The Man/Daddy: Talking about me in the third person to the cats, as in: Are you glad Daddy is home? Did the Man feed you?
Keeplock: A term from her days in correctional services, meaning to put the cats in solitary confinement, as in: When I serve the turkey, the cats are going into keeplock.
Big Perch: When she got her new bedroom set years ago, the queen-sized bed became Molly’s “big perch” where she liked to stay during the day and sleep. The name sort of stuck and the house in Lords Valley, with its viewshed, also became “The Big Perch.”
MBC: Might Bitey Cat, a reference to Misha, who likes to gnaw on feet and toes.
Tumbleweeds: To brawl or fight; to roll around in the street in a fight, as in: If she makes one more snide comment, we’re gonna be tumbleweeds.
…or know the reason why: This usually came at the end of some kind of question or statement, as in: I’m going to find that bank statement or know the reason why. Never quite grasped this one either.
Lemonsucker: A sourpuss, someone who thought they were high and mighty or uppity, as in: That priest was a real lemonsucker.
Looked like a bum in a fit: I don’t know the origins of this, but it means to look disheveled, unkempt; see “frowzy.” Also could be used interchangeably with: “Looked like the “ ‘Wreck of the Hesperus.’ ” (After a poem by Longfellow.)
Slit-eyed: Tired; eyes like slits from not being able to open them
Rags: Her beloved rags, The National Enquirer, The Globe, The National Examiner, Star. Fridays were “Rag Day,” because that’s the day they hit the newsstands. And woe unto you if you forgot to bring home the rags.
Fershstunken: Stinks, smells bad, as in: I need to take a shower to get rid of the fershstunken.
Whoopin’ it up: Partying and drinking pretty hard
Price of rice: To set someone straight, as in: I’m going to tell him about the price of rice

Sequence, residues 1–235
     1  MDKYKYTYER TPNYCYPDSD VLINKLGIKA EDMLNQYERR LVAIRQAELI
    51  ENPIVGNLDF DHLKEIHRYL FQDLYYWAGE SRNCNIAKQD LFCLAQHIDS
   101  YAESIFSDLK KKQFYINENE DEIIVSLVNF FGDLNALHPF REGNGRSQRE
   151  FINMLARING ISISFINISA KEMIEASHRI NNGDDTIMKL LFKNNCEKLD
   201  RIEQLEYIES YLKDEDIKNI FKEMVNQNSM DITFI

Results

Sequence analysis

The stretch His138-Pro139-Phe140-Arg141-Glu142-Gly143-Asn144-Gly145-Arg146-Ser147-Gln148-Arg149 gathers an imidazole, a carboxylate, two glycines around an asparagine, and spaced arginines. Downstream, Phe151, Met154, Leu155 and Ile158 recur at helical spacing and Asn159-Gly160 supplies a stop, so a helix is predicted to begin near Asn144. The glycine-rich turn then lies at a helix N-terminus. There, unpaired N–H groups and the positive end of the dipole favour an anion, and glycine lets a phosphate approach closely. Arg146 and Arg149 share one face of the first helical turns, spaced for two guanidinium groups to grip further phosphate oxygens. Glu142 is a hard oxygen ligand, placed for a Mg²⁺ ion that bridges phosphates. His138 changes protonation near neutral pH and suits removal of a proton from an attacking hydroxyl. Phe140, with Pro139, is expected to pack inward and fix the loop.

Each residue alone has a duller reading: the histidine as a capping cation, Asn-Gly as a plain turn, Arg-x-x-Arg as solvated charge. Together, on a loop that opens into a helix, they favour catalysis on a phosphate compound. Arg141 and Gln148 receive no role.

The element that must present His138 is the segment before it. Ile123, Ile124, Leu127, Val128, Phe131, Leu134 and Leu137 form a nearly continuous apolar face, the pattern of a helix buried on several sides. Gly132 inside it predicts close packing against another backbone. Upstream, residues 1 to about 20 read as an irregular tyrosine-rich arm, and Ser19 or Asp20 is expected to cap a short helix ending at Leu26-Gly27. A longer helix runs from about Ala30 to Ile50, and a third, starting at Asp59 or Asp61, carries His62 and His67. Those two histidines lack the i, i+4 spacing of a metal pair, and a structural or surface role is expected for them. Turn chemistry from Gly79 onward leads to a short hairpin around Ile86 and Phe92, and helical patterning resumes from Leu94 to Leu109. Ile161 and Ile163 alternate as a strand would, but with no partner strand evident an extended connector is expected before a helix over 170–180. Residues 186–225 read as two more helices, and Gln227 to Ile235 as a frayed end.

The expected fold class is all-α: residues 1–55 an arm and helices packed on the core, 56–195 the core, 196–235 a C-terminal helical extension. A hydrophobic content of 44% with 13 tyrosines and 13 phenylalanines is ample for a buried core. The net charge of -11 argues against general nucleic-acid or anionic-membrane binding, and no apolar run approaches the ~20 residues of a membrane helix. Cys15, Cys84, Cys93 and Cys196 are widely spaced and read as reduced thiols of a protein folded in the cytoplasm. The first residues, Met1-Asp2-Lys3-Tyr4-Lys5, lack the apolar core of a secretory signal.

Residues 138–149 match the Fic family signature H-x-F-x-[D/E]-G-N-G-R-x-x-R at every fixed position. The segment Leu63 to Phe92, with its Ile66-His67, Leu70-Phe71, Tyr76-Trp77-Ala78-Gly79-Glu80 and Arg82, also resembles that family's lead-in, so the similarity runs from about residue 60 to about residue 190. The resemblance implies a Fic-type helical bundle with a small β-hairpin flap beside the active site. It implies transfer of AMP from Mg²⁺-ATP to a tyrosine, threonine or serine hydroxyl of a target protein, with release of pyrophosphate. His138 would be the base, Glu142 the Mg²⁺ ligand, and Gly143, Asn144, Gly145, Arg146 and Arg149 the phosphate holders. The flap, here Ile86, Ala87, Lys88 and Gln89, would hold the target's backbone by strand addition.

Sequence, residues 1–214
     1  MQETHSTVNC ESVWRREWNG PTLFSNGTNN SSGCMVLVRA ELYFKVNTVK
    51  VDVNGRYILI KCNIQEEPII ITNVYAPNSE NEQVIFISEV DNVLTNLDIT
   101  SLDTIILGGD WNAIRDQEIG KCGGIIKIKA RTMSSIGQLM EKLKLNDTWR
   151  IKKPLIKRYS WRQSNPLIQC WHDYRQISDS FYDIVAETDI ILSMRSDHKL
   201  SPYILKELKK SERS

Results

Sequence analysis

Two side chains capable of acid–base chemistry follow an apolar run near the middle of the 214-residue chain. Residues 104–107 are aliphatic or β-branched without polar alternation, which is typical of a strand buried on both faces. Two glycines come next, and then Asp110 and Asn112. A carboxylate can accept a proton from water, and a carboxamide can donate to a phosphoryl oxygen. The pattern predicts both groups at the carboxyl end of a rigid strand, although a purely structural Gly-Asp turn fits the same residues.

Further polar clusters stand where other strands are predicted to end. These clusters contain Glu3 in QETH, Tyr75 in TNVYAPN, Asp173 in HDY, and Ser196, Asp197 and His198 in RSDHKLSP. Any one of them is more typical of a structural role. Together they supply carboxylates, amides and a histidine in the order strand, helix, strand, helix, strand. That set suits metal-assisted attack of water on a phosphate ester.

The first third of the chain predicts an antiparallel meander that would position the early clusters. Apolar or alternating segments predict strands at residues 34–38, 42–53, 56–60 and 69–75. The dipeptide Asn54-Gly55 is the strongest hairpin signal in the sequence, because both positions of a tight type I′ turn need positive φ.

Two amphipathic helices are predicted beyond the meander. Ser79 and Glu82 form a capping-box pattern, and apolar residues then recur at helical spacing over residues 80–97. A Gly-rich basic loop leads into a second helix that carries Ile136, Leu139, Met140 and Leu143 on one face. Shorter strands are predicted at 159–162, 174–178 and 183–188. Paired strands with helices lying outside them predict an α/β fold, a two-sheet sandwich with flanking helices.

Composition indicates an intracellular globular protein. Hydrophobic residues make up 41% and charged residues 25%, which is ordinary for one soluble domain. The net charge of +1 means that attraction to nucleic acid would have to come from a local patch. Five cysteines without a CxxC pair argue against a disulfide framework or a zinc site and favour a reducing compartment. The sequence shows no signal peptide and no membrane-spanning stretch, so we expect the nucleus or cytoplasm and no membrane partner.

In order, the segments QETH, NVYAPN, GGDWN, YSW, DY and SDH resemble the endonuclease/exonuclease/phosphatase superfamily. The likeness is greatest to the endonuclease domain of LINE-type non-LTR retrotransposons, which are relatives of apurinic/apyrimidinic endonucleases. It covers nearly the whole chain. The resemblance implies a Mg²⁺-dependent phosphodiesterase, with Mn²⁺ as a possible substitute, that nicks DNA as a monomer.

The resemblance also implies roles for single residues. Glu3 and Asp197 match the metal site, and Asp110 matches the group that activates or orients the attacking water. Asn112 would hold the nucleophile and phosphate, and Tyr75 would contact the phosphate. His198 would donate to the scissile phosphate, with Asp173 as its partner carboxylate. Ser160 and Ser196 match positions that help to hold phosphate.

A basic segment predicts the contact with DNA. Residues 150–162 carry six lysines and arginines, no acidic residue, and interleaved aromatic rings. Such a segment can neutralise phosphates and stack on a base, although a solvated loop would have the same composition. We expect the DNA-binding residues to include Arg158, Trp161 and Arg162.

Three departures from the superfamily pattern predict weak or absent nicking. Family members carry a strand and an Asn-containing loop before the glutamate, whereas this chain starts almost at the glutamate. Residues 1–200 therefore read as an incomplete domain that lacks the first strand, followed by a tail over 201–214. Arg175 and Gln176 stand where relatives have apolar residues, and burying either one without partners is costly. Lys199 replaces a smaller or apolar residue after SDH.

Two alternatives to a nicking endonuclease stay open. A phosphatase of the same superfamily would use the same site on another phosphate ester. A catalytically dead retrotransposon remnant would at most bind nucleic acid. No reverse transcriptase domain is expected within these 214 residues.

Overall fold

Purpsi: Her favorite soft drink: Pepsi
The Disease Store: Her name for the local supermarket, which is called Mr. Z’s.
Sunday goin’ to meetin’ clothes: Your finest threads; dressed up for special occasion
No big whoop: No sweat, no big deal; also No biggie
Clutching their pearls/Getting a case of the vapors: Sort of evocative of Victorian upper society and being offended at something relatively small and feeling faint or light-headed over it; think the straight lady in a Marx Bros. Movie, as in: When I cracked that joke at the meeting, the chairwoman was sitting there clutching her pearls.
Crazy hour: Not any particular time or not even an hour long, but it referred to that point of the night (usually the night) when the cats would be so hyper and frisky, jumping around, springing backward, etc.
Whimwhams: Feelings of anxiety, butterflies; insecurities
Don’t touch my shit: One of her golden rules. Just leave her stuff alone and no one gets hurt.
Since Hector was a pup: I have no godly idea where this comes from. It is used to refer to a significant passage of time, or age, as in: That store has been there since Hector was a pup.
Knee-high to a kitten: Again, another measure of age, usually referring to kids who have now grown up, as in: I remember him when he was knee-high to a kitten.
Growth experiences are a bitch: Sort of a variant of what doesn’t kill you makes you stronger. This one is a Band-Aid to get you through a tough time by making you laugh and reminding you that you will get through it.
Shit happens: A bit of a variation of no big whoop. A general dispensation and way of addressing something big or small that has gone awry, especially if it’s out of your control, as in: Yeah, it sucks that the tree limb fell on the car, but you know, shit happens.
Plo-plos: Pillows. Especially used if she was switching from the dayside decorative pillows to the nighttime ones, as in: Can you get the plo-plos out of the closet?
Smokin’ dope: To express disbelief or something absurd, as in: I looked at the prices for steak at Mr. Z’s. Forget it, they were smokin’ dope.
Beams: Indoor lights, as in: Why are all these beams on?